Bicycle Safety Working Group Update

The Higgs Government will not adopt road safety recommendations by the provincial Bicycle Safety Working Group.

Since August 2016, representatives of Velo NB, Saint John Cycling, and Fredericton Folks on Spokes have met with government officials to discuss needed amendments to the Motor Vehicle Act, including a one- metre clearance rule when passing cyclists.

In December 2016, competitive cyclist Ellen Watters was struck by a vehicle while training near her home in Sussex. She died from her injuries. She was 26 years old.

After Watters death, New Brunswickers rallied across the province demanding stronger laws to protect vulnerable road users, such as cyclists. A one-meter clearance rule, known as Ellen’s Law, was introduced to the legislature in March 2017 and a Bicycle Safety Strategy Working Group was formed under the Department of Public Safety to make further recommendations for safety legislation.

The working group provided their report to government in July 2018. After the fall election, representatives from Saint John Cycling, Folks on Spokes and Velo NB met with the new Minister of Public Safety, Carl Urquhart, to discuss the recommendations. After months of follow up with government officials, Premier Higgs has informed Saint John Cycling and Velo NB that his government would be taking no further actions with the recommendations.

“I am disturbed by the way our elected officials pass off their promises and responsibilities,” said Nancy Watters, mother of Ellen Watters.

“I was disappointed,” said Wayne Arrowsmith, Advocacy Director for Velo NB and member of the working group. “The amendments we are asking for are to enhance basic safety, promote the physical and mental health of New Brunswickers, and aid in the promotion of cycle tourism.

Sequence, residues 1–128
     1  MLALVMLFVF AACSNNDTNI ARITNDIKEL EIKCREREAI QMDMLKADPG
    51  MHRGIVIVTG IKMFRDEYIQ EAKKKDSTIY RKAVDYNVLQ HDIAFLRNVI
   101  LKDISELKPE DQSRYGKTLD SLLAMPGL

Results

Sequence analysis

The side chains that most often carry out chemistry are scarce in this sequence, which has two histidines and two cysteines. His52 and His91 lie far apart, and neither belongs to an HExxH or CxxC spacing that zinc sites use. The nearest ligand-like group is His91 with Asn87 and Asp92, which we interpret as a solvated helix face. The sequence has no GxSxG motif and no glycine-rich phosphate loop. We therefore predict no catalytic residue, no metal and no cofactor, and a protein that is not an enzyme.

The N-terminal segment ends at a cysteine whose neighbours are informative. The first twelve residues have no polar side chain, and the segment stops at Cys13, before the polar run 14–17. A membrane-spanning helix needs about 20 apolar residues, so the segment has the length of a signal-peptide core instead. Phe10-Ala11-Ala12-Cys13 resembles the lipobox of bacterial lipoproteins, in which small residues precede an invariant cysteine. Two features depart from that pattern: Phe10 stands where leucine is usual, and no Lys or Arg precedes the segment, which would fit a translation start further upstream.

“Unlike programs and infrastructure, these amendments cost nothing. It’s a no-brainer.”

Recommendations of the working group would update definitions in the Motor Vehicle Act to address enforcement issues, provide rules for “dooring” when a cyclist is hit by an opened door of a vehicle, provide municipalities the authority to allow bicycles on designated sidewalks, and a commitment to holding annual meetings with the Department of Public Safety.

Regular meetings would have provided the opportunity for continued work to ensure New Brunswick roads are safe for all users. New Brunswick is one of four provinces in Canada that does not have legislation that addresses dooring, along with Nova Scotia, Manitoba and Saskatchewan. However, Nova Scotia has dooring rules currently under development. New Brunswick also has one of the lowest distracted driving fines in the country, even with the recently proposed increase in Bill 16.

The Bicycle Safety Strategy Working Group included representatives from several government departments, the New Brunswick RCMP, Saint John Police Force, Association francophone des municipalités du Nouveau Brunswick, Velo NB, Fredericton Folks on Spokes and Saint John Cycling. Their full report may be found at

Media Contacts:

Wayne Arrowsmith, Advocacy Director for Velo NB and working group member 506-647-1530

Gary Crowley, Director for Saint John Cycling and working group member 506-647-5113

Nick Cameron, Advocacy Lead for Saint John Cycling 506-343-7946